California is an incredible state, with a vast number of popular destinations you could probably reel off in your sleep. Los Angeles, Hollywood and San Francisco are usually the first places that spring to mind.
However, there is a lot more to the Golden State than you might think. And if you really want to see the wonders of California in all their glory, you will need to dig a little deeper than the average tourist. Let’s take a look at the hidden secrets of California – read on to find out more.
The Arcata Redwoods
California may be famous for its beaches, but it has some impressive woodland and forest areas, too. Head to Humboldt County, and you will find Arcata, which is a former logging town and a place of genuine charm and breathtaking beauty. The big attraction of Arcata is that one side of the town faces the Pacific Ocean, while the other looks over to the Redwoods National Forest. Here, you will find fantastic redwood trees, with plenty of winding trails for hiking or biking. Check it out if you like your days out to include a healthy dose of nature.
Agua Hedionda Lagoon
As pointed out over at the Visit Carlsbad website, the Californian town is incredibly famous as it is close to so many fantastic activities. It’s also home to several lagoons, including the Agua Hedionda Lagoon. The Agua Hedionda is probably the most popular lagoon amongst the local population, which is a good sign. It’s a beautiful place with so much to do – you can head out on the water on a SUP, kayak, wakeboard or waterskis. Given the weather is pretty high at most times of the year, it’s an almost a guaranteed perfect day out.
Fort Bragg is located about three hours to the north of San Francisco. It’s worth the drive, too. Fort Bragg is a former army garrison dating back to the Civil War, and you can find it right on the incredible Mendocino Coast. It’s a great place for fans of culture and history, of course, but it’s also close to Glass Beach, which has to be seen be believed. The beach used to be a former glass dumping site, but over the years the sea water has worked its magic, and the beach sparkles under the sun.
On the subject of beaches, California has plenty of hugely popular options, which attract millions of tourists all year around. However, if you want to go somewhere a little off the beaten track, whether for privacy or to experience something new, Pismo Beach is the place to go. It’s surrounded by cliffs and is a place of stunning natural beauty. Look out to the ocean on a good day, and you might catch a glimpse of sea otters digging for clams.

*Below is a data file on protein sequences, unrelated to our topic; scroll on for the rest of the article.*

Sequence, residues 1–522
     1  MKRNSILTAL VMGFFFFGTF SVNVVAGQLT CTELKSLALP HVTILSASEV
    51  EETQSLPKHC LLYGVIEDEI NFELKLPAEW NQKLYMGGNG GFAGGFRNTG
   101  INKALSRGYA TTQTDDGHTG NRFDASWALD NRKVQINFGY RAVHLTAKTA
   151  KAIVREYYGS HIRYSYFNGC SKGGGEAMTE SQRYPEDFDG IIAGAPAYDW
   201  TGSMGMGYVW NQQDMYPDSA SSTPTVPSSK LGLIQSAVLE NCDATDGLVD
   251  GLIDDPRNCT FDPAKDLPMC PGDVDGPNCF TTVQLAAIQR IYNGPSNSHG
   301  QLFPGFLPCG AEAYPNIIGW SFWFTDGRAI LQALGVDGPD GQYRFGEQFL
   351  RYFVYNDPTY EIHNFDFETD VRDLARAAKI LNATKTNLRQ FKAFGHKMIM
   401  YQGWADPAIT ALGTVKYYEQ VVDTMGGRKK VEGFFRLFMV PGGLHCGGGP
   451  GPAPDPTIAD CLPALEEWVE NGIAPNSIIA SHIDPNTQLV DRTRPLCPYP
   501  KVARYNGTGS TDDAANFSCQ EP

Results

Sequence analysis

El Dorado County
The California Gold Rush kicked off in 1848, and the site where it all started was El Dorado County – also known as the Gold Country of the Sierra Nevada. It’s still an incredibly intriguing place, and not just for the historical context, either – the county is littered with fantastic scenery, vast expanses of natural resources and exciting wildlife. It’s also the home of Lake Tahoe, which is a popular tourist destination, especially during the winter months. But there’s even more – the El Dorado National Forest is a perfect place for getting out your hiking boots. And you can also head to the Marshall Gold Discovery State Historic Park where you can try panning for gold yourself!
If you head to Marin County, there is a stunning cape located off the Pacific coat called Point Reyes. It’s a long, winding stretch of coastline and beaches, and it’s a fantastic place for hiking, activities and relaxing. Sea kayaking is popular here, too, so head to Tomales Bay if you like that kind of thing. And make sure you bring our binoculars – the views from the Point Reyes Lighthouse are a birdwatcher’s paradise.
Mammoth Lake Hot Springs
Thousands of years ago, a volcano erupted in an area close to the town Benton that is now called Mammoth Lakes. If you have never been there before, it’s an incredible place. The volcano left an indelible mark on the land, and there are now nine different hot springs to take in, dive into, and enjoy to your heart’s content. Benton itself is something of a ghost town, which adds to the ethereal mystery and beauty of the place. It might be a little off-track for some, but there is so much natural beauty and so many opportunities to take it easy and relax, it’s highly recommended.
Bodie Ghost Town
While we’re on the subject of ghost towns, if they pique your interests then a visit to Bodie is an absolute must. You can find it located within the Bodie Hills of the Sierra Nevada Mountains, now called the Bodie Historic District and National Landmark. It’s a gold rush town that was at its busiest in 1878, but by the 1940s was left pretty much deserted. Today, it serves as a Wild West ghost town, and you can walk through it – including the bank, jail and saloons – to enjoy a small glimpse into what life was like back in the day. Everything is preserved as it was left, including storefronts, interiors and goods.
Piedras Blancas Elephant Seal Preserve
Right in the middle of the Californian Coast is Piedras Blancas, which is a place any lover of sea mammals will enjoy. Almost 30 years ago, elephant seals started coming to the cove nearby, and have returned every year since – in increased numbers. The best times to go and see the elephant seals of Piedras Blancas is in late January, late April, or late October. It’s almost a given you will see them, as local wildlife experts believe up to 15,000 now come to the beach to rest and relax. It’s an impressive sight – don’t miss it.
*This is a collaborative post